On occasion I speak to people who have tried the Net Promoter approach but it failed and they canned the whole project. After discussing it with them I find it always comes down to just a few reasons.
So if your Net Promoter project failed, or it’s looking a bit shaky, look down the list to find out what happened and fix it now.
You made it a Market Research Project
There are plenty of good market research approaches out there but Net Promoter is not one of them.
As a transactional customer feedback tool, NPS® excels. It helps you to uncover current high impact customer issues and how to fix them.
Customers responding to transactional surveys will tell you that you failed to deliver your widget to them on time, or that your web check out is too hard to use. They will tell you exactly where the problem is and often how to fix it.
However, it is not market research and it will fail if you try to make it do that task.
You tried to explain every change in NPS
We’ve all seen them. The chart showing the NPS target for the month, the gap to actual and the attempt to post-hock justify the difference in the chart comments.
Just don’t do it. This doesn’t work for two reasons.
Net Promoter has some curious features and care needs to be taken to be sure you really know when a change has occurred in the Net Promoter score.
What looks like a change may just be statistical noise and not worth commenting upon.
If you are reasonably sure (95%) that a change has occurred you may run into the second issue.
Many things impact on NPS
Tracking exactly what has impacted on your score is not like doing the variance report on the last widget production run.
A single factor, like Bob in shipping being off sick this month, is not likely to drive a change in your score. The items that might impact on a single month’s NPS are many and varied and you cannot always link changes to specific external factors.
(This is not always true, some of our customers see distinct seasonality in their scores as annual factors drive the score up and down. In this case the are quite sure that those factors are driving the score)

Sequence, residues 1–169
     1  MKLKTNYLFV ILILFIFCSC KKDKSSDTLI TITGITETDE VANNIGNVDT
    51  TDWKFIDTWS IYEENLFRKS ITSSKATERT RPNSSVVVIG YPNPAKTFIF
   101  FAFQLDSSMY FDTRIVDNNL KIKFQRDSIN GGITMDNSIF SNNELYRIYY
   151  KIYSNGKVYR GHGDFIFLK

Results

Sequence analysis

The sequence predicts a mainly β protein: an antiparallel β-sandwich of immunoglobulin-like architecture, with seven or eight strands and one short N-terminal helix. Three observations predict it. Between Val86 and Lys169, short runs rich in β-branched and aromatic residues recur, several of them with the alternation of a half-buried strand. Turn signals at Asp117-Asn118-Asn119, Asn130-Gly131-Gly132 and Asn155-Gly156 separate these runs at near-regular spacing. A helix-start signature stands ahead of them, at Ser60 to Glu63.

However, you should still chart you score but focus on the trend. The trend is your friend. Look to see how the score is moving over time. Is it generally increasing or decreasing?
You tried to make it a discontinuous innovation tool
I’ve talked before about discontinuous and continuous innovation. Net Promoter is a very good continuous innovation tool. It can help you to make continuous changes to your business to improve customer loyalty.
What it does not do so well is discontinuous innovation: coming up with the automobile, iPAD or Walkman. I say “not so wel”l because recently a customer told me that they estimate that 1 in 1,000 customer comments is the gem of an idea for a discontinuous innovation opportunity.
You collected scores but did nothing else
Your’e collecting NPS week after week, month after month. Did the score change? No! Well of course not. Weighing a pig doesn’t make it fatter.
It is not enough to add a the “would recommend” question to your current customer survey. You have to collect the score AND information on why customers gave you that score AND you have to make some changes in your business.
This is the real key. NPS is just a way of identifying where you are up to.
To improve the score you have to make change within your organisation and it is only the qualitative feedback, and perhaps scored attribute questions, that can help you to do that.
You didn’t do any root cause analysis
Okay so you’re knee deep in data and you’ve got verbatim customer comments flowing down the sides of your desk. So what.
Now you have to make sense of all that data and do some root cause analysis. To do that you probably need to use some quality system tools like “The Five Whys“.
You never worked out how much a Promoter is worth
You collected some great data and performed a really excellent root cause analysis process. The result was a terrific opportunity to improve the NPS but management would never sign off on the funding because you couldn’t justify the ROI.
Did you calculate the value of a Promoter and factor that into your business case? Often it is not difficult to do this calculation — we published an example of how to value a promoter.
The trouble is that without this piece of information you will be hard pressed to make any business case watertight.
So did the reasons you quit turn up in this list or was it some other issue? Either way please let me know your experiences in the comments below.